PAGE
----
So far, the number of wounded and dead has been low, certainly compared to the horrors of Katrina. But there are all sorts of wounds. Most of the people we see on the screen seem remarkably calm but are most likely in shock, trying to make sense of how their lives have violently changed. For some, their houses are totally gone, smashed and washed away in the floodwaters. For others, their homes will have to be razed to the ground because of mold and rebuilt — if there is money to do so. Unlike with Katrina, where some 50 percent of the homes were insured, it seems only around 20 percent in the Houston area have flood insurance. Businesses, restaurants, automobiles, jobs, whole neighborhoods are gone. Addresses mean nothing because streets are buried. Valuables and memorabilia of a lifetime have floated off. But most residents are “lucky”: They have escaped with their lives, their children in their arms.

The victims of Harvey have been grievously wounded. Our entire nation has been wounded.

We have, for now, lost a wide swath of the South, the ordinary, productive lives of the people who lived there and the many resources they gave us, from rice to oil and gas. After concerns for food and shelter are met for those rescued, there is the real threat of infectious disease, pollution and even the possibility of crime. And how will the affected states dispose of all the garbage Harvey will have left in its wake?

In some ways the rescue operation is a mini-Dunkirk. Good Samaritans, using all sorts of recreational vehicles, pickup trucks, fishing boats, motorized rubber dinghies and even Jet Skis, have rushed to help people trapped on roofs, in attics and in trees. The giant volunteer rescue effort, alongside official disaster responders, is a testament to the courage and basic decency of people throughout the country.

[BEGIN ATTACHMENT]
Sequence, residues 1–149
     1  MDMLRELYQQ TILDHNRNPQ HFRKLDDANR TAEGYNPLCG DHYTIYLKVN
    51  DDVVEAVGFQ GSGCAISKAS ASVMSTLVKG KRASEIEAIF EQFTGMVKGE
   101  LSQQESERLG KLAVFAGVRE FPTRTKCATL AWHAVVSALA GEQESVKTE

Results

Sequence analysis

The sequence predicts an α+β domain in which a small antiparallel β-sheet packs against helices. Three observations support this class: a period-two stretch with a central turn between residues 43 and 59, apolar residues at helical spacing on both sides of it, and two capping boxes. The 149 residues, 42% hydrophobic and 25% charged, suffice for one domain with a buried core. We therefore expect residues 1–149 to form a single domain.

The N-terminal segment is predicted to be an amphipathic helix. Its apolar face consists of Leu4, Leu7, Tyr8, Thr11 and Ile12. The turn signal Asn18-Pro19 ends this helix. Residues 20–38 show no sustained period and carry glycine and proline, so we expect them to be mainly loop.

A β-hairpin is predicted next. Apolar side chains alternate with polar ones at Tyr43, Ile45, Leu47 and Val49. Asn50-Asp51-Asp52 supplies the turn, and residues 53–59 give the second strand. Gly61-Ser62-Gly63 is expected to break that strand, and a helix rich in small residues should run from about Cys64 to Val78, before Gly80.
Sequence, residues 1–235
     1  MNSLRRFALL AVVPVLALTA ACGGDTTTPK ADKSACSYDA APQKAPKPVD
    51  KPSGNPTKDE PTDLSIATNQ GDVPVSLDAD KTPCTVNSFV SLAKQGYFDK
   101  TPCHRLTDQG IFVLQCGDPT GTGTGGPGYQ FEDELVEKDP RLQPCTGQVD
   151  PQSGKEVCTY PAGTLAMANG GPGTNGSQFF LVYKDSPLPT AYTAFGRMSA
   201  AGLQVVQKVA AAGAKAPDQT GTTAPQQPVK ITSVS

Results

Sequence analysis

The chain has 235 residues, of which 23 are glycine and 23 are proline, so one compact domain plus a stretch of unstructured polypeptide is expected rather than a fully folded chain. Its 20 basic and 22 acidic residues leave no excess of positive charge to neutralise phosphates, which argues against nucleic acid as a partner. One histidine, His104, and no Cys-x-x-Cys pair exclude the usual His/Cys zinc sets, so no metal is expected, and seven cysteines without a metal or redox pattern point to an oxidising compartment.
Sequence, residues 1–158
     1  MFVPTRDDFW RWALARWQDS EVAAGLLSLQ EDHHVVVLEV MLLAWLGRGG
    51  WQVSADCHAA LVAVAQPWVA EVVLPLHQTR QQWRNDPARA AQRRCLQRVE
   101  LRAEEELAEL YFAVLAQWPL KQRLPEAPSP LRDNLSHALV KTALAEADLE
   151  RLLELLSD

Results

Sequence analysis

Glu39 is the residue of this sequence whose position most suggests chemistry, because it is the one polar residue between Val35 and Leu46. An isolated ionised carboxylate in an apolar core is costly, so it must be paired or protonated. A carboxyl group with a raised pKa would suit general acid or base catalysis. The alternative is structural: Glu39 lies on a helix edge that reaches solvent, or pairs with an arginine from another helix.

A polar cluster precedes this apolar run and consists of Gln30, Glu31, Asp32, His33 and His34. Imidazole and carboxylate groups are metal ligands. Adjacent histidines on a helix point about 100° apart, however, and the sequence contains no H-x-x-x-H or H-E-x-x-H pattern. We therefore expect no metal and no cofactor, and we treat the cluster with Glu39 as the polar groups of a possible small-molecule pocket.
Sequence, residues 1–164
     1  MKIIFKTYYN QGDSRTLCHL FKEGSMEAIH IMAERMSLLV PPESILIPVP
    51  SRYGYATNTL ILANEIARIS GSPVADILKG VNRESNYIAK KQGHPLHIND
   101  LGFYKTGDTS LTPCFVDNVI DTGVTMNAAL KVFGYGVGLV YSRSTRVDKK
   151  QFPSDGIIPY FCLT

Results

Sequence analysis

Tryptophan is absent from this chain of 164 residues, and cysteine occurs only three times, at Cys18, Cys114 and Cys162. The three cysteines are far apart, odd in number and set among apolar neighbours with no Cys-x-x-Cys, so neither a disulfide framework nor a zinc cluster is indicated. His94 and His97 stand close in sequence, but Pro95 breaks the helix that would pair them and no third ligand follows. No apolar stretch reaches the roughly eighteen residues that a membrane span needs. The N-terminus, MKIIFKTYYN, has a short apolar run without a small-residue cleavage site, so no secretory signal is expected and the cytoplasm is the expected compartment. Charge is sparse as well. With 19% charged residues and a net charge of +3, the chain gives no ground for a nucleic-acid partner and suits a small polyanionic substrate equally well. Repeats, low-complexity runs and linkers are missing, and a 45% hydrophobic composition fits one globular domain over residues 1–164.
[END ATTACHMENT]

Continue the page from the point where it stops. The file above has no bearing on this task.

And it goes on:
No one was asked whom he or she voted for. America, there is hope.

The eclipse has come and gone, and for me it lived up to its advanced billing. It was awesome. I can’t say I was prepared to be awed. In fact, since most “great” shows tend to be overhyped, especially with all the different platforms we now communicate on, from radio and TV to blogs, websites, mobile phones, Facebook, Twitter and the rest, they are over previewed and inevitably a letdown.

Not so last Monday’s eclipse. I happened to be taking a vacation day, and my family was visiting, so there were a number of us getting ready for the event. We weren’t particularly excited about what was predicted to happen. I think curious was a better description. None of us had secured the appropriate glasses in advance but fortunately a good friend put a pair in my hands at the last minute, and that made all the difference.

Without the glasses, we were told not to look at the sun for fear of damaging our retinas. The day dawned pleasantly enough, with blue sky and bright sun but, as the morning wore on, the light breeze that started the day disappeared altogether. We noted that fact because we have a little Hobie Cat that we use to get out on the water, and there wasn’t even enough wind to move that slender craft. As we sat around the patio, there was an air of expectancy around noon, although maybe I was just projecting. We heard no birdsong, saw no squirrels and thought the yard unusually quiet. By then the bright sun had yielded to what seemed like overhanging clouds, but there weren’t low clouds in the sky. By 1:30 p.m., there was perceptibly less light.